What other revenue sources are there?

  • Revenues may be on target; allocations are probably off

  • As I was correctly quoted by both the Tribune and Sun Times this morning I am deeply concerned CPS will attempt to operated with a zero reserve fund. There is without question validity to the issues that Danaidh has posed. I agree there will be no additional money coming to CPS from either the state or the Feds. In fact if the economy declines we can expect the state to be even later on paying its bills which requires a larger reserve not a smaller one. Effectively with zero reserves CPS will have to go to the short term credit market and float loans based on a lower credit rating.

    To give some credit to Mr Cawley last night he clearly admitted that the property tax increase would not really realize additional funding for CPS. But neither he nor the budget are actually presenting the property tax problem accurately to the public. The fundamental problem is not totally based on the property tax collections being based on a calendar year basis as opposed to the CPS fiscal year basis as it is presented in the budget at page 12 , it is also based on an actual decline in property tax values within the city. My own home just went through its three year assessment and I was actually a little surprised at the magnitude of our decline.

    Effective tax rates for residential properties in Chicago were 1.4% lower in 2009 than in tax year 2000 while effective rates for commercial properties in Chicago fell by 37.3% over the same period. Effective tax rates are a measure of property tax burden for homeowners and businesses. They translate the tax rates on property tax bills into rates that reflect the percentage of full market value that a property owed in taxes for a given year.

    Since 2009 they have declined even further. In the Rogers Park community the average single family home in 2010 was valued at $354,505 and by 2011 it had declined to $272,010. Things were even worse for Condos and townhomes in Rogers Park where in 2010 the average condo was worth $132,980 and by 2011 had dropped to $91,320.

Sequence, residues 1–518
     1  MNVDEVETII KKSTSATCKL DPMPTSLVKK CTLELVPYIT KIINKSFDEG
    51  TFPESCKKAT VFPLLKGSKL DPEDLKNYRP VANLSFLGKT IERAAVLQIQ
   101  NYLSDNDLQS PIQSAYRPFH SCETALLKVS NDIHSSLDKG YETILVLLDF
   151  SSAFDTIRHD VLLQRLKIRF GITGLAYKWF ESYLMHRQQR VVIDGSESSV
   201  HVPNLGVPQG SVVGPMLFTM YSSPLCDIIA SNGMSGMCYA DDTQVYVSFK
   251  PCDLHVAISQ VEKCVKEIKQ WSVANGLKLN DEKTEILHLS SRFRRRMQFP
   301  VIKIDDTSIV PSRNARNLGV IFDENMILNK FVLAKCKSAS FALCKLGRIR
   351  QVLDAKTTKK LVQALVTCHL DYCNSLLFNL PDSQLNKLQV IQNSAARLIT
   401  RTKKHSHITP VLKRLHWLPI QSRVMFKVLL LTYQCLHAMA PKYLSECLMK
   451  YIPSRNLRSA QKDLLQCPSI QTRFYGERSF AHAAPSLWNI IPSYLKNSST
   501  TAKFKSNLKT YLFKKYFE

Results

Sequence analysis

None of this means any of our actual property tax bills are going down, in fact they actually go up to keep the levy the same for CPS and other taxing bodies. But the decline in values is hurting CPS. Clearly right now CPS should be creating no new programs that carry any additional costs, but that is clearly not the case regardless of whether CPS teachers are compensated in any reasonable manner for the longer school day.

    Rod Estvan

  • Teachers, activists boo CPS budget

    “I’m not surprised by your reaction,” Cawley said. “We’ve closed your schools, laughed at your FOIA requests, stolen millions of dollars, lied to you, lied to the public, lied to the media, paid protesters to denounce you, bribed Chicago clergy, fired veteran teachers and replaced them cardboard cutouts, destroyed opportunities for your children, dismantled your communities, waged negative add campaigns to tarnish reputations, called your concerns ‘noise’, and plan to continue stealing millions with the unveiling of this fictitious budget. I promise I won’t shout at you when we throw you on the street where you can beg for pennies and sell lose cigarettes. I hope you will extend me the same courtesy as I count my millions, nestled in my huge and luxurious north suburban Winnetka home and dream up new schemes for screwing children, teachers and taxpayers of Chicago.”

  • In reply to district299reader:

    Who is over the OIG? Cawley is to live in Chicago. It is wrong that he gerts a pass. If he does not want to move-he is out! The OIG is accoutable for this-who holds them responsible?

  • In reply to district299reader:

    This residency pass is disrespectful to the policy and totally unfair. A double standard like this causes the system to lose credibility. Cawley is in violation and other CPS employees have been fired for residency as recent as this spring. Folks have been removed due to residency for as long as I can remember. It would be nice to hear the OIG respond to what allows the violation to be acceptable for specific individuals. Maybe others can benefit. If all can't, no one should. .

  • Does the American Elite Want Real Public Education?


  • Hyde Park Career Academy will seek the wall-to-wall IB?


  • In reply to district299reader:

    Fran Spielman, Groveling City Hall Parrot Reporter, and certainly not burning any midnight oil, clearly didn’t have to work very hard reprinting abstracts from previously printed CPS press released IB promos for her recent Emanuel loving commercial all dressed up like news…